Technology
Inline systems based on the commonly used infrared light (NIR) are not able to measure core moisture of pellets because NIR light only reacts to surface moisture.  In addition, color and ambient light affect the signal. Low-powered resonance microwave technology overcomes those limitations by completely penetrating the wood pellets. Additionally, the sensor chamber functions as a resonator, with walls designed to reflect the microwaves, creating a standing wave pattern when the sensor is empty (at resonance).
 
Microwave resonance technology is based on the interaction between the microwaves and water molecules in the wood pellets. During this process, the sensor, such as a high-speed planar sensor, builds up a weak microwave field and constantly analyzes the resonance frequency of the sensor system by scanning the microwave frequency. If pellets are moving into the microwave field, a shift in resonance frequency occurs and its amplitude is dampened. The relationship between frequency shift and dampening in this context is a density-independent measure of the water content in percent and thus compensates for any density effects. This ratio constitutes what is called the microwave moisture value, which in turn represents the core moisture. The absolute moisture content in the material (percent of the product mass) is calculated using an initial calibration against a standard reference method such as a drying oven, rapid moisture analyzer or Karl-Fischer titration.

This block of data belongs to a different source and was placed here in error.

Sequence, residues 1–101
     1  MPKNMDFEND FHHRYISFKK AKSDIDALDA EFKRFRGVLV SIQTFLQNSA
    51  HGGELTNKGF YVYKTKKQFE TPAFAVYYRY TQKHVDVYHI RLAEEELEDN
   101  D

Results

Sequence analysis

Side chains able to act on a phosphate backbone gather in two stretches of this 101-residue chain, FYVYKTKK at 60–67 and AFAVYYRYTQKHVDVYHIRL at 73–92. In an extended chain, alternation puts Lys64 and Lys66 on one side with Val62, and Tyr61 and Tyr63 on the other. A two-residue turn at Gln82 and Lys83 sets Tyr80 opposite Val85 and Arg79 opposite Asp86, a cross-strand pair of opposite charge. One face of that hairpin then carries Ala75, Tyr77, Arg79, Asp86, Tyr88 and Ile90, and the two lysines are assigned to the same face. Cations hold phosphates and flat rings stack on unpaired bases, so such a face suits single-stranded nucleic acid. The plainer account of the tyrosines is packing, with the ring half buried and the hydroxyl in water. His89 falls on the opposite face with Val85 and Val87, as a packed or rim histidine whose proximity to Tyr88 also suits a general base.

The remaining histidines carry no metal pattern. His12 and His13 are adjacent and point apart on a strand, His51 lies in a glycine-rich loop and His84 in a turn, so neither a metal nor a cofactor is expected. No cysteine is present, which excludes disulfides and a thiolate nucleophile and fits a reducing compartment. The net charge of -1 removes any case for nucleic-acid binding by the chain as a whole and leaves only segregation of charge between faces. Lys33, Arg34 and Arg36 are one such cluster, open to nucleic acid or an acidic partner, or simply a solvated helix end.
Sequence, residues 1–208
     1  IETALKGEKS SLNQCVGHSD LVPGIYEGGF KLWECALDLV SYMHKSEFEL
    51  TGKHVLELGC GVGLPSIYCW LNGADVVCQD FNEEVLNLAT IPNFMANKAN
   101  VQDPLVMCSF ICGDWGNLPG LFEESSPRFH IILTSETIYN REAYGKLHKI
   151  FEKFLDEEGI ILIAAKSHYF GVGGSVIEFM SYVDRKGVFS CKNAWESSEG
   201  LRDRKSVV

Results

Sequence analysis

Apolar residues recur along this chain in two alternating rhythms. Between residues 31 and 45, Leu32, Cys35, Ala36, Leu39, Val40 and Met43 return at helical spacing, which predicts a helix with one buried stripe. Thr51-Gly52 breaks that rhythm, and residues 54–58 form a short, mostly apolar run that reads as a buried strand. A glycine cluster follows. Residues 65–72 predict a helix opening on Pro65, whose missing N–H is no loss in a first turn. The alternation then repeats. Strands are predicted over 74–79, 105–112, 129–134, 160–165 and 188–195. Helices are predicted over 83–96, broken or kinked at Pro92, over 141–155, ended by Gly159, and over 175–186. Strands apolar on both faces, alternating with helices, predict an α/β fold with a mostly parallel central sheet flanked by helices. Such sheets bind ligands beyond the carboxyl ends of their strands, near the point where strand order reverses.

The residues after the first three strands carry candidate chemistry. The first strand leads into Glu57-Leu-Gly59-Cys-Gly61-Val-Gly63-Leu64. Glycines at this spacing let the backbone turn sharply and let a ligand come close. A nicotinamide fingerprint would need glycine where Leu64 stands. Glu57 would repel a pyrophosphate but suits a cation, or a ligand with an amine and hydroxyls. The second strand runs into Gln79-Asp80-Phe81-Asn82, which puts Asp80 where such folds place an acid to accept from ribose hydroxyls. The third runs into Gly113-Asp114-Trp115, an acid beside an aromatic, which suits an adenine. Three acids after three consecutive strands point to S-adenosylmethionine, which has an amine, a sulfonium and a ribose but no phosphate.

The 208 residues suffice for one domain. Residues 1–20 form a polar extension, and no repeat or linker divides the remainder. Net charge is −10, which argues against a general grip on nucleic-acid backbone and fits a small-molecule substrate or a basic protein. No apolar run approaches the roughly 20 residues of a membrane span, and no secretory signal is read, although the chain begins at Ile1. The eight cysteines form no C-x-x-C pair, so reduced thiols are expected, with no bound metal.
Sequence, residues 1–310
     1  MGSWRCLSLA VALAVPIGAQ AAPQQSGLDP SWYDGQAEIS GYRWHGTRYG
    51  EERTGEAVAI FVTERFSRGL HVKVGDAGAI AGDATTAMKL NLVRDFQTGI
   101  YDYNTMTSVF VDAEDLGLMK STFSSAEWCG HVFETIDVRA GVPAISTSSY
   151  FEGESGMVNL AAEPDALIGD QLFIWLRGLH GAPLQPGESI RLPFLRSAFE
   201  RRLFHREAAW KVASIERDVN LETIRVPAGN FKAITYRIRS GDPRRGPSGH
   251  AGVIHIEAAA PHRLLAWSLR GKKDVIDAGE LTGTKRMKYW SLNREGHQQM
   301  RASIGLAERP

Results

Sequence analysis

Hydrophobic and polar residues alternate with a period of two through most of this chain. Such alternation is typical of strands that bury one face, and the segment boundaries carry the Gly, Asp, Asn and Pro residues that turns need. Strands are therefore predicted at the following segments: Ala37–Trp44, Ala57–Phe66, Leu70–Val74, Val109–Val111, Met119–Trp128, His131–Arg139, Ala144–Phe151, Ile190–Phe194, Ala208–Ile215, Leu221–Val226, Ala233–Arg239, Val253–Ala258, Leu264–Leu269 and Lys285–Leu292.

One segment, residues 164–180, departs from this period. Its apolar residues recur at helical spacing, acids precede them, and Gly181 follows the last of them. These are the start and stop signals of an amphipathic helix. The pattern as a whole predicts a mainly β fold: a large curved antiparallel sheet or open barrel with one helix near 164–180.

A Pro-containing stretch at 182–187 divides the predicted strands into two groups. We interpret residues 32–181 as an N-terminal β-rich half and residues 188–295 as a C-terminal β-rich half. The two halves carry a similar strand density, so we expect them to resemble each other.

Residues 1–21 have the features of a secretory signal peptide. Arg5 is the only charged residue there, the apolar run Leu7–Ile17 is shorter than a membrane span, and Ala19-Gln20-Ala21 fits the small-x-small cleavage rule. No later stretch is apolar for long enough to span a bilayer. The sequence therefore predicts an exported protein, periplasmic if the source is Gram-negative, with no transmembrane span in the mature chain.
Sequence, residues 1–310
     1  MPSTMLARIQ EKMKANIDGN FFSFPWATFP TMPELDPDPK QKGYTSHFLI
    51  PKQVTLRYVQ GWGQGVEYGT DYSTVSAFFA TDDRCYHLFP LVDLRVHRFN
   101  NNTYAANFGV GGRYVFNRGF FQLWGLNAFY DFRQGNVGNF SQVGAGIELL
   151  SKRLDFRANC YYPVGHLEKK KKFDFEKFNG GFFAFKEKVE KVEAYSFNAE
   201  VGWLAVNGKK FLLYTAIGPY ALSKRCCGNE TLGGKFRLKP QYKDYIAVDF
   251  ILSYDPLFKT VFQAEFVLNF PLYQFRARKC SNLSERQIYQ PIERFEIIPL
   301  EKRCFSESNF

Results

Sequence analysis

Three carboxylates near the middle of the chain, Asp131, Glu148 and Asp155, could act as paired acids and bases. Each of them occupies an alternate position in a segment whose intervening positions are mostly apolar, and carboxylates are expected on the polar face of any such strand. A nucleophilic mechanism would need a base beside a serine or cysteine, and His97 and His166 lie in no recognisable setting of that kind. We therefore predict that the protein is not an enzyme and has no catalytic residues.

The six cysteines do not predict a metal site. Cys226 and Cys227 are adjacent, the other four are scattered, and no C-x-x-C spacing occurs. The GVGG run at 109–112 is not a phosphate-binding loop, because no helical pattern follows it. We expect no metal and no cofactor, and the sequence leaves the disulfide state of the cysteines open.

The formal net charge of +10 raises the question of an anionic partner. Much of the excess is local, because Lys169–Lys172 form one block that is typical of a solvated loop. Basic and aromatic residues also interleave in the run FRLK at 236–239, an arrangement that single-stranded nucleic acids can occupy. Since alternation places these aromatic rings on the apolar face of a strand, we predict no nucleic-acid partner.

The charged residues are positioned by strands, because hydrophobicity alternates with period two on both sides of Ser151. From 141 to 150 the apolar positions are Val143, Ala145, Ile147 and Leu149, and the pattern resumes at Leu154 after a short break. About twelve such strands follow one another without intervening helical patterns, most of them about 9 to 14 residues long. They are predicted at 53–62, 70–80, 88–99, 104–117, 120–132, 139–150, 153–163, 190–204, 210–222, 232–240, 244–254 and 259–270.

The patented resonator method developed by TEWS Elektronik, Hamburg, Germany, is based on measuring attenuation and frequency shifts as two separate parameters. This permits the measurement of the moisture independently from the mass or density of a product. For more than 25 years, TEWS Elektronik has supplied precision moisture-measuring systems to the wood products industry. MebTec Technology Inc. is Tews' North American agent.


-------- SIDE BAR --------

Measurement Locations

• Wood strands can be measured before and after the dryer to measure and control the drying process using an inline planar sensor, installed at an angle or flush with the chute’s sidewall. Such installations require the sensor mounting in a hinged flap or a removable panel to facilitate easy inspection and cleaning.